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The Answer to the ‘Most Important Question’ Should Be Steering Your Strategy

business man standing in shadow with a lit question mark in front of him
By Jeff Rendel, CSP

3 minutes

Read what key questions other credit union leaders are asking themselves, then consider what question will best aid your own direction.

Albert Einstein is credited with stating, “If I had an hour to solve a problem…I would spend the first 55 minutes determining the proper question to ask.” What’s the most important question your credit union’s leadership team is asking about the credit union’s future? And, what answers are steering your strategic plan?

More than 50 credit union CEOs, from numerous asset sizes and locations, shared their “most important question.” A dozen general themes emerged, each with its own series of questions. Read what other leaders are asking of their credit unions; and, consider if several help you find additional focus for your strategic direction. 

  • Think about the credit union three years out. Knowing what you know and what’s really conceivable, what possibilities exist? Where are the greatest gaps and how might they be filled?
  • For continued success in membership growth and revenue, what products, services, or markets are necessary to refine, expand or introduce?
  • We can’t be all things to all people. Where should we focus our energies? What is our core market? 
  • Trade-offs are necessary for strategic focus. Where should we invest, continue service or do more ourselves? What should we slow, cease or outsource?
  • What is our capacity for growth? Can we grow organically or should we seek partners? Are we better for our members as a merged credit union or can we still serve and grow as a standalone organization?
  • The member experience is vital to success. What next levels of friction-free marketing, service, delivery and technology will be necessary for member engagement?
  • Our members own the credit union. How do we best engage them as owners, continuing to deliver, increase and confirm value? What makes us the obvious choice?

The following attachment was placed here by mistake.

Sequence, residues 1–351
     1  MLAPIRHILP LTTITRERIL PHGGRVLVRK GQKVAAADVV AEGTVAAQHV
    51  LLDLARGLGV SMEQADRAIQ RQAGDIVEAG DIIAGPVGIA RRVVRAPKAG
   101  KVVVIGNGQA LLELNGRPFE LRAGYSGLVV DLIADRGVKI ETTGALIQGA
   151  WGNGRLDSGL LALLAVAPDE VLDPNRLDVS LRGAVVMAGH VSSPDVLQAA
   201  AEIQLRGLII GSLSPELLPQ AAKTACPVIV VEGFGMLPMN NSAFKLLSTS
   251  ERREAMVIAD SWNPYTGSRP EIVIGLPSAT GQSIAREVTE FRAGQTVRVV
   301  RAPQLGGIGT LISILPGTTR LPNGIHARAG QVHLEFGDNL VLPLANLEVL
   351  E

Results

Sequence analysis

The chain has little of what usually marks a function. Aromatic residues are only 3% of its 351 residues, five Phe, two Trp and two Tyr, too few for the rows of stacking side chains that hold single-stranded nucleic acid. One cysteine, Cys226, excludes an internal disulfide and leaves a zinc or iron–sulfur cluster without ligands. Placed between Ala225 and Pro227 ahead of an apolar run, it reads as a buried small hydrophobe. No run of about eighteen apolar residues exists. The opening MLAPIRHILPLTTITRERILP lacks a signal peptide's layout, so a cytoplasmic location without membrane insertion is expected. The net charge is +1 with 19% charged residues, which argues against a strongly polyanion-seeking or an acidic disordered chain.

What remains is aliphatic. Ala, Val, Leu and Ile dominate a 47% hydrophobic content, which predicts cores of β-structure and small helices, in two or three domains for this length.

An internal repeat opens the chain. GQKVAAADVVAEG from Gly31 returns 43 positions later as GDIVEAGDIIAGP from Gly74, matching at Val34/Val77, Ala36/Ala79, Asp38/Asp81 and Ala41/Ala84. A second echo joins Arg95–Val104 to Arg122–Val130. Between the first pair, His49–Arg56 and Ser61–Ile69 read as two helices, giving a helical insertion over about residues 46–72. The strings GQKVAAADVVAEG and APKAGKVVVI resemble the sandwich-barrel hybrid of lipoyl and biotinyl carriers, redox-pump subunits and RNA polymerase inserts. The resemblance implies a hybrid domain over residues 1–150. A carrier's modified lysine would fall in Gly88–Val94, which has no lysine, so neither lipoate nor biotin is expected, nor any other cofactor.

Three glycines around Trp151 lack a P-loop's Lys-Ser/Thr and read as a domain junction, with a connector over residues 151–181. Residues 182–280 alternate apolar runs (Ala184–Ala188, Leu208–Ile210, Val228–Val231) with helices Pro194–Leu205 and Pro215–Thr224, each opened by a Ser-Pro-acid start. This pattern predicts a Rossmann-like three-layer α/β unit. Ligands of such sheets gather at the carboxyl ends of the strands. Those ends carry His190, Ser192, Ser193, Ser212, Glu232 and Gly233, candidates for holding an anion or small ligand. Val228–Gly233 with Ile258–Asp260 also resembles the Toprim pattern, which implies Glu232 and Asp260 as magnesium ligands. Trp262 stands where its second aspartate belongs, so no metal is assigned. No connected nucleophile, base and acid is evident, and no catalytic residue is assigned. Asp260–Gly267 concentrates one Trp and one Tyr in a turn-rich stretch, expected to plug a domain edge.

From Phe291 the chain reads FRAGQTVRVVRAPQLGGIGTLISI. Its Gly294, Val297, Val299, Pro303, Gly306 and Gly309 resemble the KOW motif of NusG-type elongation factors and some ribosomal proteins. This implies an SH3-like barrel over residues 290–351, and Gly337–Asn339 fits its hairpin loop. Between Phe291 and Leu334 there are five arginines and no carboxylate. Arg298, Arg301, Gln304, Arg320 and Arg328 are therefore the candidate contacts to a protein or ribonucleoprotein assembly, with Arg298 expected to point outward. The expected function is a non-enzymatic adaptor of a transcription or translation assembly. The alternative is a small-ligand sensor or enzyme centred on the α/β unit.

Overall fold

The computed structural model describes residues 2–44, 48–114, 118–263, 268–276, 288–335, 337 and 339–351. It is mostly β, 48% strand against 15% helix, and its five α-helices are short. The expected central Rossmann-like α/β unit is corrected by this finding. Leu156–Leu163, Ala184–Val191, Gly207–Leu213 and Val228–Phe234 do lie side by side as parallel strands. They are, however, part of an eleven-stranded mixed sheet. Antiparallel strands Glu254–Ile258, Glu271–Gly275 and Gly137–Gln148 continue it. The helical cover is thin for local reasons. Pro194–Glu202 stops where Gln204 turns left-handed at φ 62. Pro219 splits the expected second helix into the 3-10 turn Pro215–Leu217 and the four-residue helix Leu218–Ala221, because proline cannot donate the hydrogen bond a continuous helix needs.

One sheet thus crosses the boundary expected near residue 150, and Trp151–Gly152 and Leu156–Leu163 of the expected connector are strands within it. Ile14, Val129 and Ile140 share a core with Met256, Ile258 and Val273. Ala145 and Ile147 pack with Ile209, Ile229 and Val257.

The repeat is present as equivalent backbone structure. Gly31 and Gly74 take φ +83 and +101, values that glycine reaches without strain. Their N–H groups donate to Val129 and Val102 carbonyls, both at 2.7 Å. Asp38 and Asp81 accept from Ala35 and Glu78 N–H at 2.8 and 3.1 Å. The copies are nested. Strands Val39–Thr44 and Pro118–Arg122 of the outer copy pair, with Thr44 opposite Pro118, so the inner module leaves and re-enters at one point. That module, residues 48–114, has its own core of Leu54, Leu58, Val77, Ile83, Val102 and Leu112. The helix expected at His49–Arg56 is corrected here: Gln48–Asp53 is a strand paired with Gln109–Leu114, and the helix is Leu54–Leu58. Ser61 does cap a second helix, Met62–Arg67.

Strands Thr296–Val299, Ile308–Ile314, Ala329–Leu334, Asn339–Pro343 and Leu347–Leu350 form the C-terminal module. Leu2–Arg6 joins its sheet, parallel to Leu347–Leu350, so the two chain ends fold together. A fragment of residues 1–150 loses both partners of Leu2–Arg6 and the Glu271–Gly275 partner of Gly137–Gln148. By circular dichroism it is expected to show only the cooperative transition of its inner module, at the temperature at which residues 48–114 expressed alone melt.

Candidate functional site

• Differentiation is required for success in financial services. How do we continue to stand out in the community, with our brand and as a local financial institution?
  • What measures of success are most important to gauge our strategic progress? What are optimal levels for revenue generation, service, efficient operations, profits and capital?   
  • How do we—as executives and board members—remain relevant for the members we serve and represent? Do our staffing and board compositions reflect our membership?
  • Does our culture match our brand and are we equipped to deliver the kinds of products, services and experiences that our members value most?
  • Who is disrupting our business? What value are they providing to members? Can we compete? Can we partner?

Conventionally, credit unions hold strategic planning sessions each fall. In reality, it’s always planning season. As you develop, expand and refine your strategic plans, consider some of the applicable questions above. While several will be immediately beneficial, others will spur conversation and your own sets of “most important questions.” Often, asking is the most challenging part of handling a question. The answers provide the whole of your credit union’s next strategic steps in serving the long-term needs of your members. 

Jeff Rendel, CSP, and president of Rising Above Enterprises, works with credit unions that want entrepreneurial results in sales, service, and strategy.  Each year, he addresses and facilitates for more than 100 credit unions and their business partners. Reach him at 951.340.3770.

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Keywords

Strategy

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